In the case, of Streebog, the weak use of the counter makes this attack still possible thanks to the equivalent representation of Sect. 3. Indeed, the sequence \(\varDelta (i)\) has a lot of regularity and repetitions (as seen in Table 1), and with a careful construction, we can ensure that the message pairs \((m_i,m_i')\) are only used at positions with same sequences of \(\varDelta (i)\). More precisely, we must build pairs with large difference first, and use differences that are powers of two, while more general constructions can be used for plain Merkle-Damgård. We must also stop the construction a few steps before reaching a difference of 1 (as explained later, the smallest difference is \(O(n)\)). This means that we can only use a fraction of the intermediate states reached by the challenge message.

In the following, we call an expandable message that can reach lengths between \(a\) and \(b\) by increment of \(c\) an \((a,b,c)\)-expandable message. Let us assume we have built an \((l,l+L,2^i)\)-expandable message for Streebog, with \(l < 2^{i-1} -1\). Since \(l < 2^i-1\), we have \(\varDelta (l+x) = \varDelta (l+x+j\cdot 2^i)\), for all \(0 \le x < 2^i - l - 1\) and \(j \ge 0\). In particular, if we append a new message pair \((m,m')\) with \(|m| = 2^{i-1}+1, |m'| = 1\) to the expandable message, the sequence of \(\varDelta (i)\) used for the messages will be same for every choice of the \((l,l+L,2^i)\)-expandable message. This allows to extend the \((l,l+L,2^i)\)-expandable message into a \((l+1,l+L+1+2^{i-1},2^{i-1})\)-expandable message. If we iterate this construction, starting from a single message of length \(l\) and a maximal increment of \(2^{t}\), we can build a \((l+t-s,l+t-s+2^{t+1}-2^{s},2^{s})\)-expandable message for Streebog, assuming that \(l+t-s < 2^{s} - 1\) (Fig. 10).
Fig. 10.

Construction of a \((2,14,4)\)-expandable message for Streebog. Note that \(m_2\) and \(m_2'\) have the same \(\varDelta \) indices in both positions, and the \(\varDelta \) for the block after \(m_3' \Vert m_2'\), \(m_3' \Vert m_2\), \(m_3 \Vert m_2'\), or \(m_3 \Vert m_2\) is the same (here, \(\varDelta = 1\)).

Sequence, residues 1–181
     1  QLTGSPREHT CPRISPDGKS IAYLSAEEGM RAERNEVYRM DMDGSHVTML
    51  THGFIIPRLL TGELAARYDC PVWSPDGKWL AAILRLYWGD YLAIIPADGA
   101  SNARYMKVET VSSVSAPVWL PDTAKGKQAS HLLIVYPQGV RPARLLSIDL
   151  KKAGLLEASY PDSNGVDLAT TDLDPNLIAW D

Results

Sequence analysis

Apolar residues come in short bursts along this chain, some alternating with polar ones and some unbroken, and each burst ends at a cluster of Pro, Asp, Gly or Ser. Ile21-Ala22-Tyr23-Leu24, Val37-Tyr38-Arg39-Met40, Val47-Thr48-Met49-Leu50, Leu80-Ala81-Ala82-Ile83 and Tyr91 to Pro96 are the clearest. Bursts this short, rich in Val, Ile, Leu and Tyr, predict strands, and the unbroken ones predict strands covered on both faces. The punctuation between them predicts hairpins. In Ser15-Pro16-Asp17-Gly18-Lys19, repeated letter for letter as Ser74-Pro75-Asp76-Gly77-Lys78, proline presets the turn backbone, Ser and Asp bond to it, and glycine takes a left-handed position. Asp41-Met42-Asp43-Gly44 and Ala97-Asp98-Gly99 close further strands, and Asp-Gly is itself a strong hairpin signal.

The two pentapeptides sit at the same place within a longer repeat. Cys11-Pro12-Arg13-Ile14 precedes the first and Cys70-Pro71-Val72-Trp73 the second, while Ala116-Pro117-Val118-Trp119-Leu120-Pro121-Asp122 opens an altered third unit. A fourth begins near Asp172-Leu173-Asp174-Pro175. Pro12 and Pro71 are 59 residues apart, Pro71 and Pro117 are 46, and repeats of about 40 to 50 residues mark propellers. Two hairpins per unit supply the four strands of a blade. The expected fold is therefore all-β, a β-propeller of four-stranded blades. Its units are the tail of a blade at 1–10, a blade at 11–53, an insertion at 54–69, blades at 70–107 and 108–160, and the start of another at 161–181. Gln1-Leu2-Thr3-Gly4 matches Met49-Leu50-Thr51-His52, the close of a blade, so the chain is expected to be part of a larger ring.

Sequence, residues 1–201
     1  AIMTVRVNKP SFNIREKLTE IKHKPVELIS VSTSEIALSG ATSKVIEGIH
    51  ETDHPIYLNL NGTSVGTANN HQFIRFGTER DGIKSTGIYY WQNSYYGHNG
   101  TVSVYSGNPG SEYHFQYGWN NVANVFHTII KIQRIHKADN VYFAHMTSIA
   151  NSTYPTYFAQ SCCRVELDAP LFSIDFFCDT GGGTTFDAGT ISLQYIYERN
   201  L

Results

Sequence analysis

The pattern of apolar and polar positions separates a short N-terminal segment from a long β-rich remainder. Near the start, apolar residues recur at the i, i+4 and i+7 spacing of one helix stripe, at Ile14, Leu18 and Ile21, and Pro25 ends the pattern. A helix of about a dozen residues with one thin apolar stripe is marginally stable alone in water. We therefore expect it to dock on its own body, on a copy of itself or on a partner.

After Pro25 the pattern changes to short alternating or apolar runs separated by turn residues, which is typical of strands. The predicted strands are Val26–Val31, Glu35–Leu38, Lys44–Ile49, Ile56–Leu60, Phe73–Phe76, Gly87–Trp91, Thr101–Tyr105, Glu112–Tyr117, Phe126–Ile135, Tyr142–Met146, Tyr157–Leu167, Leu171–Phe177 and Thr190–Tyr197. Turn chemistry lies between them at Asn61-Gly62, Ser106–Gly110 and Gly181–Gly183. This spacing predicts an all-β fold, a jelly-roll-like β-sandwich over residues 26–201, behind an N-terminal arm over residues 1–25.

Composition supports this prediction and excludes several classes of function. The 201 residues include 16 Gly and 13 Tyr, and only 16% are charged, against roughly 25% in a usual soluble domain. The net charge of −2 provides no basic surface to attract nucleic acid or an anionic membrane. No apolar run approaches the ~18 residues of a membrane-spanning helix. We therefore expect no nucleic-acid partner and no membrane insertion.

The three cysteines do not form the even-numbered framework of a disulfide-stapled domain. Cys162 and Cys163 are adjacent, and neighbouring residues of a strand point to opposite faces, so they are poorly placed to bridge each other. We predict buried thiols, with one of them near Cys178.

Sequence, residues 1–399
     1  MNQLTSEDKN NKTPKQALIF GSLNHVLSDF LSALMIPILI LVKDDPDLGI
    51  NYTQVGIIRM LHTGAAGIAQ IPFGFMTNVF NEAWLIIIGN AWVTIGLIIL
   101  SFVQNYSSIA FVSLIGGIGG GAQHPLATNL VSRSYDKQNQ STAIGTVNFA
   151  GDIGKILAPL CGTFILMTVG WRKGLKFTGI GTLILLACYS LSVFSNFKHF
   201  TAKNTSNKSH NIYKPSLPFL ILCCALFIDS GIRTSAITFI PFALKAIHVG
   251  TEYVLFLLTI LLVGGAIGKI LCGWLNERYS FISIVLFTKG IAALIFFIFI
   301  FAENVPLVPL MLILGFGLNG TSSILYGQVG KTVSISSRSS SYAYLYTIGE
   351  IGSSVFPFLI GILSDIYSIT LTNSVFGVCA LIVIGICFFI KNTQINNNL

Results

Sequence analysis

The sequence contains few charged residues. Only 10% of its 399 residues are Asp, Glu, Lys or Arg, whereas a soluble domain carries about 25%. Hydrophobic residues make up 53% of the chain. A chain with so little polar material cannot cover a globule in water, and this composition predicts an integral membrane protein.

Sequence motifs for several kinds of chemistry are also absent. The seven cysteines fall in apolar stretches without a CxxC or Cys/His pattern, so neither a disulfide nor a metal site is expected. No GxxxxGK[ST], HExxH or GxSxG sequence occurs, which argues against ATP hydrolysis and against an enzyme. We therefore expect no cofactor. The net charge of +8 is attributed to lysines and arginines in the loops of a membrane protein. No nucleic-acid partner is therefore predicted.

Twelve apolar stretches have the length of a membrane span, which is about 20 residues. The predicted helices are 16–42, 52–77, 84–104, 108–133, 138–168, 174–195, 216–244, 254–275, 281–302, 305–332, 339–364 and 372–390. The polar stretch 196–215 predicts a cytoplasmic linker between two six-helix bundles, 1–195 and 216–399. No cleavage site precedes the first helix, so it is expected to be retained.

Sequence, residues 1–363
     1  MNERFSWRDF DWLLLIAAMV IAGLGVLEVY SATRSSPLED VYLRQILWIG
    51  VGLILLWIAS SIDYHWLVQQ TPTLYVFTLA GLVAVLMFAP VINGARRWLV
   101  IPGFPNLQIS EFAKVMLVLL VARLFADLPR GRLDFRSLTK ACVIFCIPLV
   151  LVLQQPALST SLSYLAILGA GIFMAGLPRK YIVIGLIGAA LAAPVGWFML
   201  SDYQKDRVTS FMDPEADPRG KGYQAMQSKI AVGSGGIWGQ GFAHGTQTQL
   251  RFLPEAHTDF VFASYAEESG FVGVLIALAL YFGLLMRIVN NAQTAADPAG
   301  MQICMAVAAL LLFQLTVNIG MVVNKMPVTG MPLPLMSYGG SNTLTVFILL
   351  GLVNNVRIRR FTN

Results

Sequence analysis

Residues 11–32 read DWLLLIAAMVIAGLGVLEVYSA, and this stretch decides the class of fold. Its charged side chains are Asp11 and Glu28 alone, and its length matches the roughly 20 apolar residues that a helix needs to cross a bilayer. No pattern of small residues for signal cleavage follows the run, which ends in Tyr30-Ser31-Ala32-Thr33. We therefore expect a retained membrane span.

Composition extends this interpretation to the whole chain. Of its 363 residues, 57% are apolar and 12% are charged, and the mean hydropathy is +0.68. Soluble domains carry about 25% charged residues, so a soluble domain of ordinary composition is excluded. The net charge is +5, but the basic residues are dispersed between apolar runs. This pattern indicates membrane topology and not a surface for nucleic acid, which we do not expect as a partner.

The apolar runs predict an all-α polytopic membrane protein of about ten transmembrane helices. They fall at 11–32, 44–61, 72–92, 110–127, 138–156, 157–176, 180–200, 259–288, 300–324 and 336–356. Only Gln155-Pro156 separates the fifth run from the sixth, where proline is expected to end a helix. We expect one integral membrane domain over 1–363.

5.2 Details of the Attack

The second preimage attack on full Streebog-512 uses an initial multicollision with \(1024\) blocks in order to adjust the checksum, like the attack of Sect. 4. Then, we build the expandable message starting for the final value of the multicollision. With the parameters of Streebog-512, we use \(l=1024\), \(s=11\), \(t=258\), i.e. we build a \((1271,2^{259}-777,2048)\)-expandable message. After building the expandable message, the attack mostly follows the procedure given by Kelsey and Schenier. An overview of our attack is given in Fig. 11.

We first use a message block \(m_{*}\) to connect the final chaining value \(h_{*}\) to the known message we are attacking. More precisely, if the original message \(m\) consists of \(t\) \(2^s\)-bit blocks, we have \(l=\left\lfloor \frac{t}{2^{s}}\right\rfloor \) possible connecting points, meaning that we expect to pick about \(2^{n}/l\) random message blocks \(m_{*}\) before hitting a known point \(h'_{*}\). With the parameters used for Streebog-512, we use connecting points2 with \(i \equiv 1272~\mathrm {{mod}}~{2048}\). This point of connection gives the value of the counter \(N\) used in Streebog at that position, and the length \(L=N - 1024 - 1\) required for the expandable message. In order to build the second preimage, we select the message with the correct length \(L\) in the expandable message, and we select a message in the initial multicollision to adjust the checksum.